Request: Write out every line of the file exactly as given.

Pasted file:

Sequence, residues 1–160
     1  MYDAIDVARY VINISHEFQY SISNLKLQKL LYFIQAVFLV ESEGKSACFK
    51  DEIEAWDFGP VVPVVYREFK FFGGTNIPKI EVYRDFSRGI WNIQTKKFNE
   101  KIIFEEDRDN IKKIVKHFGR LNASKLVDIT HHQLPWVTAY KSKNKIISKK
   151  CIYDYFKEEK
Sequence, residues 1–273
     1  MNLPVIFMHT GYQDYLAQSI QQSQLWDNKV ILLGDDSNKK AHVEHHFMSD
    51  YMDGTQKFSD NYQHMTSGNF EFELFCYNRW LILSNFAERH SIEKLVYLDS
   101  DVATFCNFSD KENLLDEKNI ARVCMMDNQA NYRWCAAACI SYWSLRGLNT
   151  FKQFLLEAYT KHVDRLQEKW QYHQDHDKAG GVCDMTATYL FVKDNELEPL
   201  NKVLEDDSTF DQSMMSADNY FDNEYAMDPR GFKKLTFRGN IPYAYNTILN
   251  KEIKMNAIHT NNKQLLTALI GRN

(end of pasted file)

Sequence, residues 1–160
     1  MYDAIDVARY VINISHEFQY SISNLKLQKL LYFIQAVFLV ESEGKSACFK
    51  DEIEAWDFGP VVPVVYREFK FFGGTNIPKI EVYRDFSRGI WNIQTKKFNE
   101  KIIFEEDRDN IKKIVKHFGR LNASKLVDIT HHQLPWVTAY KSKNKIISKK
   151  CIYDYFKEEK
Sequence, residues 1–273
     1  MNLPVIFMHT GYQDYLAQSI QQSQLWDNKV ILLGDDSNKK AHVEHHFMSD
    51  YMDGTQKFSD NYQHMTSGNF EFELFCYNRW LILSNFAERH SIEKLVYLDS
   101  DVATFCNFSD KENLLDEKNI ARVCMMDNQA NYRWCAAACI SYWSLRGLNT
   151  FKQFLLEAYT KHVDRLQEKW QYHQDHDKAG GVCDMTATYL FVKDNELEPL
   201  NKVLEDDSTF DQSMMSADNY FDNEYAMDPR GFKKLTFRGN IPYAYNTILN
   251  KEIKMNAIHT NNKQLLTALI GRN